Application-focused management: In the same fashion that IT admins can use vCenter Server tools to manage VMs they can now use vCenter to operate modern applications using namespaces as a unit of management. This is referred to as ‘application focused management’. Using application focused management, IT admins can use vCenter Server to observe and troubleshoot Tanzu Kubernetes clusters alongside VMs, implement role-based access and allocate capacity to developer teams.

For more details on vSphere with Tanzu, please return to the vSphere blog often – we will have a series of blogs and demos showcasing its use.  In the meantime, you can run your own trial of vSphere with Tanzu.  It is an inherent part of vSphere, allowing you to start your trial from any 7u1 installation in record time.

One of the new features that was added in vSphere 7.0 is the ability to provision Virtual Volumes (vVols) to back Kubernetes Persistent Volumes (PVs) via the updated version of the vSphere Container Storage Interface (CSI) driver.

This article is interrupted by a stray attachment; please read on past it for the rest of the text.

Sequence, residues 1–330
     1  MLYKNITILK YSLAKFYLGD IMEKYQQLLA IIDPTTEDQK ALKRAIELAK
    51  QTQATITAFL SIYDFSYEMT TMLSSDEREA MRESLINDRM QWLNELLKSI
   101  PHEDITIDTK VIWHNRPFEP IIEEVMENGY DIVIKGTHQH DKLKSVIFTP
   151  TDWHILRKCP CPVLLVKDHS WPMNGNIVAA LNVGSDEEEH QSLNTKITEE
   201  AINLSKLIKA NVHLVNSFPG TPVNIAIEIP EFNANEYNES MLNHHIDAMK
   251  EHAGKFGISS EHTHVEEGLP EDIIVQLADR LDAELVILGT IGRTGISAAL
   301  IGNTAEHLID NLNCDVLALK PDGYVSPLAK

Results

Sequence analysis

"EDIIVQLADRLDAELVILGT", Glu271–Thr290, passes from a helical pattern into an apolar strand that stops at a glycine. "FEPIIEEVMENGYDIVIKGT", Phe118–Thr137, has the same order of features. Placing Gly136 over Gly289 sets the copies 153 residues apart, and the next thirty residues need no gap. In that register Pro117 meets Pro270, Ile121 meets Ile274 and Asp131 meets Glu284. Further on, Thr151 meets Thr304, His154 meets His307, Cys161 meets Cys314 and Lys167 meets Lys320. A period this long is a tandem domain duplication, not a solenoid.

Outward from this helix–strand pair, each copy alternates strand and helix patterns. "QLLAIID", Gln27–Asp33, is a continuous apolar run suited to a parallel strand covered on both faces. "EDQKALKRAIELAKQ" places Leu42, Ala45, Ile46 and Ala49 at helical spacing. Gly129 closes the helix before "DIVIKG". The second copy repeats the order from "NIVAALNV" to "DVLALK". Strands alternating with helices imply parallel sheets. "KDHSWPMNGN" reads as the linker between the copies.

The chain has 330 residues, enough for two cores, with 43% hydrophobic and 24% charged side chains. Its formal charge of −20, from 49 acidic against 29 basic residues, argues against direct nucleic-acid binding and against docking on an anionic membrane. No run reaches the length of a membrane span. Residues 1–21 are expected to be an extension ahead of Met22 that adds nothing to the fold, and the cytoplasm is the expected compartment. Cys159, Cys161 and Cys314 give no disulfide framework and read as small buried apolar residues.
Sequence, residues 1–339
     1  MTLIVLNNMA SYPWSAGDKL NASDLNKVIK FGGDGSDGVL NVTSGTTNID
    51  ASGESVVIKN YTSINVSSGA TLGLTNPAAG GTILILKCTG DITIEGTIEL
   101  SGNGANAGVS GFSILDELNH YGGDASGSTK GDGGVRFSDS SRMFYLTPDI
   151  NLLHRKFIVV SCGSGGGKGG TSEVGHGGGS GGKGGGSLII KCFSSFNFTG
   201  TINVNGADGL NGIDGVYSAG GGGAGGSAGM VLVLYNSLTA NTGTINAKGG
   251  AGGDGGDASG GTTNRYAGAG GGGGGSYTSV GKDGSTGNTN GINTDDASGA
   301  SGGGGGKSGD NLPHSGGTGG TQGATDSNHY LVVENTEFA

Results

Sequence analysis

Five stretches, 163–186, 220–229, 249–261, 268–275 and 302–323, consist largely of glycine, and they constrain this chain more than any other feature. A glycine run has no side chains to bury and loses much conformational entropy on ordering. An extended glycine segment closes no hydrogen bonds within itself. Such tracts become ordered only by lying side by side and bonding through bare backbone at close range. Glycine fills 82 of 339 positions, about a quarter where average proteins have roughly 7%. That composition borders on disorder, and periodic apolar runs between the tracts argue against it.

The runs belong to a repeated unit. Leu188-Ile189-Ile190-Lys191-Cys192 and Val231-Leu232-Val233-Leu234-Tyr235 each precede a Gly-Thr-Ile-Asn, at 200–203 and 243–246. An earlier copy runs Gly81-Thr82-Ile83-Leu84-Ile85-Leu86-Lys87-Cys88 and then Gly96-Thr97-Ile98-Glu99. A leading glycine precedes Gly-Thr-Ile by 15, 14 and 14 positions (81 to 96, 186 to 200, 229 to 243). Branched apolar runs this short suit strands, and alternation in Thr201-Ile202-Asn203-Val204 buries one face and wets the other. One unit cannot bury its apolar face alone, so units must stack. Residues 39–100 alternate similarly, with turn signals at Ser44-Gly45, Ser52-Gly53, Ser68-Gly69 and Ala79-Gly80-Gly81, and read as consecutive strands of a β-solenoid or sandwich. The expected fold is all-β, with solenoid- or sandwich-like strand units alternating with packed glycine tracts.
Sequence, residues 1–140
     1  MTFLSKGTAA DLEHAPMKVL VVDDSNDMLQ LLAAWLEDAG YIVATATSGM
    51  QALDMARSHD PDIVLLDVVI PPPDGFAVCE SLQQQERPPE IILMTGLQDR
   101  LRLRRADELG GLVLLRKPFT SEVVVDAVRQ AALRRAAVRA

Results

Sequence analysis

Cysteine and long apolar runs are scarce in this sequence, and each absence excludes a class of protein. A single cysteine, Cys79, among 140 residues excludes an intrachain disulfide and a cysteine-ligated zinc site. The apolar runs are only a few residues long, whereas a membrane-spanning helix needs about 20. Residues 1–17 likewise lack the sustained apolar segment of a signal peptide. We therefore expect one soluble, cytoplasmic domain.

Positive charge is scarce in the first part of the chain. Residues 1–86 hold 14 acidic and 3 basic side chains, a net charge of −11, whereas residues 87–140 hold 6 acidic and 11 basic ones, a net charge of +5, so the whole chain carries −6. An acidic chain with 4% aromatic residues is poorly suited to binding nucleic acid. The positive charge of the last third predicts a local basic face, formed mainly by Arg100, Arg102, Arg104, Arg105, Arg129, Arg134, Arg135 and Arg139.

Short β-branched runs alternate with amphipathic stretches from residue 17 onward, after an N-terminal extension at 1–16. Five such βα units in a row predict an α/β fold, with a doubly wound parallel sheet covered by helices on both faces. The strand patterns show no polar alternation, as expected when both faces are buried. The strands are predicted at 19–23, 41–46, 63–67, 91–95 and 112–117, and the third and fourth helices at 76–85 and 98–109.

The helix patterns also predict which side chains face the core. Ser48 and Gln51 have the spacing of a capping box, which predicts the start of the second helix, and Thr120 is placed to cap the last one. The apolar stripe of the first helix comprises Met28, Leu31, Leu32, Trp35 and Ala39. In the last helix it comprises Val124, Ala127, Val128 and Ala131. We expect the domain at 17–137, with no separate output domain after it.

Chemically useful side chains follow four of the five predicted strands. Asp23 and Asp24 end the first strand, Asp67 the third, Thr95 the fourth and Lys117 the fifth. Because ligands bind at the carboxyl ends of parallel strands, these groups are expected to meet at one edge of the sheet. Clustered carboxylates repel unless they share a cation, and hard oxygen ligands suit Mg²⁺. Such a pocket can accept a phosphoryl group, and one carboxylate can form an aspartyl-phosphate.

PowerStore vVols leverage Storage Policy Based Management (SPBM) to ensure VMs have the appropriate storage capabilities through their entire life cycle. VM storage policies can be optionally created after the storage provider is registered. These policies are used to determine the desired storage capabilities when a VM is being provisioned.

vVol datatores can be added to the vSphere Kubernetes namespace as SPBM policies by clicking on the edit storage button

In the vSphere hosts and cluster view, we can find the TKG cluster I deployed in advance, which consists of one master and 5 worker nodes, under the related objects tab, this TKG cluster is running on the VVOL datastore.